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Pool Water Disposal
Draining your pool in the fall? Here's a stormwater tip.
Proper Disposal of Pool Water
When closing down and winterizing swimming pools, there are many necessary but harmful chemicals that may be inadvertently relayed to the environment. Chlorinated water can have adverse impacts on aquatic life within a body of water when discharged directly to a street, catch basin, or stream.
Recommended disposal options are:
- Discharge into the sanitary sewer system using a pump or surge tank.
- When discharging a pool directly into the environment, water must be tested and comply with the applicable criteria.
- Pool water must sit for at least two days after the last addition of chlorine or until the level of chlorine is below 0.1 milligrams per liter (mg/l).
- The pH must be between 6.5 and 8.5 before it is discharged.
- Algaecides such as copper or silver can interrupt normal algal and plant growth in streams, and should not be used.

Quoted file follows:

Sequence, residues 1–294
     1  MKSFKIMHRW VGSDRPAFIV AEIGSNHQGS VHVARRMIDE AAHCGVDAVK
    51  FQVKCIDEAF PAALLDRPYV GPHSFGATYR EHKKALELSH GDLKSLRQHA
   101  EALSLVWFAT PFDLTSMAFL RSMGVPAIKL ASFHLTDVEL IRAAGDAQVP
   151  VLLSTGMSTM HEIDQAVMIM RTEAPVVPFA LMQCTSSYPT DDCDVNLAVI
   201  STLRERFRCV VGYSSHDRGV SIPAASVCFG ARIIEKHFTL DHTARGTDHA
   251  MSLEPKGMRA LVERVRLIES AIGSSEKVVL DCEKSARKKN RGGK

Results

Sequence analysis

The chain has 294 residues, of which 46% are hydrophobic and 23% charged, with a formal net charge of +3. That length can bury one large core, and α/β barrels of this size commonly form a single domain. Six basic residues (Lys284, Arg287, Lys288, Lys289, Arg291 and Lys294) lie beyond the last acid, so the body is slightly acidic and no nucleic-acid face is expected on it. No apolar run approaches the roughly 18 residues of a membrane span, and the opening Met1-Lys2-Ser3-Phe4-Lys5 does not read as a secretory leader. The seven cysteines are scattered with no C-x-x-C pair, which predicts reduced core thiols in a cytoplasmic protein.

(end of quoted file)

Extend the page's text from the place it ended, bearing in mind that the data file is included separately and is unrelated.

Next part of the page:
- Total suspended solids should be below 60 mg/l. Suspended particles should be allowed to settle out and the water should not appear murky. Settled material should not be discharged to the environment.
- Discharges to the environment should be directed over a vegetated surface so that some level of filtration can occur.
- Discharges shall not be allowed to create any erosion.
- Draining the pool should not coincide with any significant rain event.
- When the pool filter system is cleaned, the sludge material should be disposed of as solid waste. Care should be taken to prevent leaching of the material into the environment.
- Environmental Protection Agency (EPA)-Pollution Prevention / Good Housekeeping for Municipal Operation
- Oregon Department Of Environmental Quality (ODEQ). 1997 Environmentally Safe Methods for Draining Swimming Pools.